I was really blown away at the audience’s response to Sibot’s set on Friday at the Assembly. He’s a complex artist because I felt for a long time that the audience just didn’t get him; ignorant, disconnected and falsely respectful towards his work. Why would I say this? Because it was my truth for a while too.
Most of the Cape Town audience has not known or gravitated towards glitch as a genre, which features heavily in Sibot’s sets. Producers listen to an array of niche music styles and compose with those influences in mind. This “education” can’t be said for the mass general drunk 20-something listening audience. The concept of clubbing and leaving the music to the DJ is only getting firm roots now in South Africa never mind people actually being open-minded!
This ignorance contributed to their disconnection to his art because most of the audience has not understood that he produces live on stage. Until he included his Go-Pro camera taped to his sample machine (I’m sorry I don’t know what it’s actually called!) they couldn’t really SEE what he was doing and thus could not understand why his music was so important and unique in the South African electronic landscape.
Irrespective of these observations there has been a high level of respect for Sibot’s work from those in the know. This is great but a few hundred DJ’s and producers aren’t the mass of people on the dance floor every weekend. From the audience’s perspective his name is known all over the country because it’s “cool”. He’s produced for big brands such as 5FM and worked alongside other great producers like Markus Wormstorm and Waddy Jones aka Die Antwoord’s Ninja. But was does this mean to the average 19 year old? Not much. Most of them don’t know this so where does that leave Sibot in the all gobbling & spewing modern era of electronic music consumption?
Enter Trap. Yes, I know MANY hate it. It’s too commercial for niche producers and DJ’s BUT chicks dig it. Let’s be honest, “Girls just wanna have fun and the love for putting on stilettos, short skirts and getting whorish on the dance floor is still a timeless favourite. Trap allows this. And dudes dig chick; especially drunk, flirty, flash-my-knickers chicks. So what the hell does that have to do with Sibot?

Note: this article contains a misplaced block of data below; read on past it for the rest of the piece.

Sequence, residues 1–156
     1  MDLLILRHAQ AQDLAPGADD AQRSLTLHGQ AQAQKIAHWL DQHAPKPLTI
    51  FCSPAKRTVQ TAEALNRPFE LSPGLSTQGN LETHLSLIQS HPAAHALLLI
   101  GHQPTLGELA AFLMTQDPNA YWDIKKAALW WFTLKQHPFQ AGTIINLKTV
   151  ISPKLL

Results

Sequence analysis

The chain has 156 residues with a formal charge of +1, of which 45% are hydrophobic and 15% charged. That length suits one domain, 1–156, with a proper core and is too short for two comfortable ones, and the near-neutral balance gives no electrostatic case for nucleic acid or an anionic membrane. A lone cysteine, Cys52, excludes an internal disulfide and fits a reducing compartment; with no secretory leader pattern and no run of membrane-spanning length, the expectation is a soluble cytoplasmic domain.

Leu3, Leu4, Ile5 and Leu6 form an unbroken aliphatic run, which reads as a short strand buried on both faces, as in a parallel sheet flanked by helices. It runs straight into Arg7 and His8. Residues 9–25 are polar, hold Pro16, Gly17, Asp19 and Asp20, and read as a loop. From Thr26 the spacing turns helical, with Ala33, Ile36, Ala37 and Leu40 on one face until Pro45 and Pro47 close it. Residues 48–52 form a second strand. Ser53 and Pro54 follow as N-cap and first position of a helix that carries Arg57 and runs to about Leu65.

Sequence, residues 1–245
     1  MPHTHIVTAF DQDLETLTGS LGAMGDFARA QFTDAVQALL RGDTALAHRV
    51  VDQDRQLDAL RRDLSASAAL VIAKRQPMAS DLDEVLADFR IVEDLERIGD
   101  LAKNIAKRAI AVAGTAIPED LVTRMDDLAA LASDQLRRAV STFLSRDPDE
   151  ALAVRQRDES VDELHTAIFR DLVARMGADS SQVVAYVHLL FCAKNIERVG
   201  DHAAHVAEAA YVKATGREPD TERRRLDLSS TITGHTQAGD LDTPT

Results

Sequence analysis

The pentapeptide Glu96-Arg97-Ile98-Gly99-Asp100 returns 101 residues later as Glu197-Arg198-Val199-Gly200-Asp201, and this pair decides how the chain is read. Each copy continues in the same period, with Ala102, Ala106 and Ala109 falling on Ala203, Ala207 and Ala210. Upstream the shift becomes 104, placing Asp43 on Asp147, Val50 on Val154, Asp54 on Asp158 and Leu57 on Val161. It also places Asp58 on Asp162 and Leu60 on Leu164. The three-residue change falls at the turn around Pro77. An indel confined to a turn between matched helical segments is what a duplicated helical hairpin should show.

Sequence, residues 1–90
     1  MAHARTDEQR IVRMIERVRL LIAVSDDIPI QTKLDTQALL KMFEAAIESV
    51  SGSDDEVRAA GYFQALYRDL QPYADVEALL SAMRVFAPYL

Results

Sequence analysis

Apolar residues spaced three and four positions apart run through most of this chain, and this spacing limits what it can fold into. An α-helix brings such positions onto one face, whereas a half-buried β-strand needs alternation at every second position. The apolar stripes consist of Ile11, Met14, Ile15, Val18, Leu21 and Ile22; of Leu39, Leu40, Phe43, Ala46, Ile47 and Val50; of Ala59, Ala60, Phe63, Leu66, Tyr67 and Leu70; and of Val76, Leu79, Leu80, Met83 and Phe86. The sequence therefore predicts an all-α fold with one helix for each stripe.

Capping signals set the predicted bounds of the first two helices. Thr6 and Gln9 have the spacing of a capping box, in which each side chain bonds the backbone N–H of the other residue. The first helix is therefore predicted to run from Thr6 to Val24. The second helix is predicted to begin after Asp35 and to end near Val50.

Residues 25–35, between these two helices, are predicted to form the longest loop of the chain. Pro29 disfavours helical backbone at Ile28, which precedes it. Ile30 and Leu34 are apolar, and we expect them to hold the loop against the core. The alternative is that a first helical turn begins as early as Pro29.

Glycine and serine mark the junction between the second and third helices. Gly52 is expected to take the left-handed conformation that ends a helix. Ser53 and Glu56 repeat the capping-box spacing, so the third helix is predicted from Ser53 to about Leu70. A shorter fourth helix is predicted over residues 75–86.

The commercial love for Trap can’t be said for glitch/glitch-hop. Trap has built appreciation-stepping-stones faster in 6 months than glitch has been doing for the last 18 months in Cape Town. A phat party is all about the audience understanding and accepting the music and I believe Trap has been helping audiences to accept glitch. Pity it didn’t come out first, those glitch parties at Fiction might have done better.
Look, I might be completely wrong, this is just a theory of mine but the audience on Friday night received Sibot’s set with MASSIVELY open arms in a real, ignorant-less, false-respect-less, genuine “let’s party HARD” way that I’ve never seen at Sibot’s gigs before – at this level. Yes, he rocked the Diplo gig but the Assembly was at capacity, it was impossible for any DJ to fail that night.
Cudos to Sibot for being his warm, professional open self and for pursuing his passion irrespective of audience listening-maturity. It takes balls to go with what’s in your heart when it’s not the main stream. I’m just pleased the audience is seemingly, at long last, finally, starting to LOVE his music for no other preconceived idea other than that they simply love what they hear. There were loads of Matrics there on Friday (some guys looked 16!) and they were loving Sibot! This means he’s translated to another generation of music lovers, NOT an easy thing to do, long may his success last.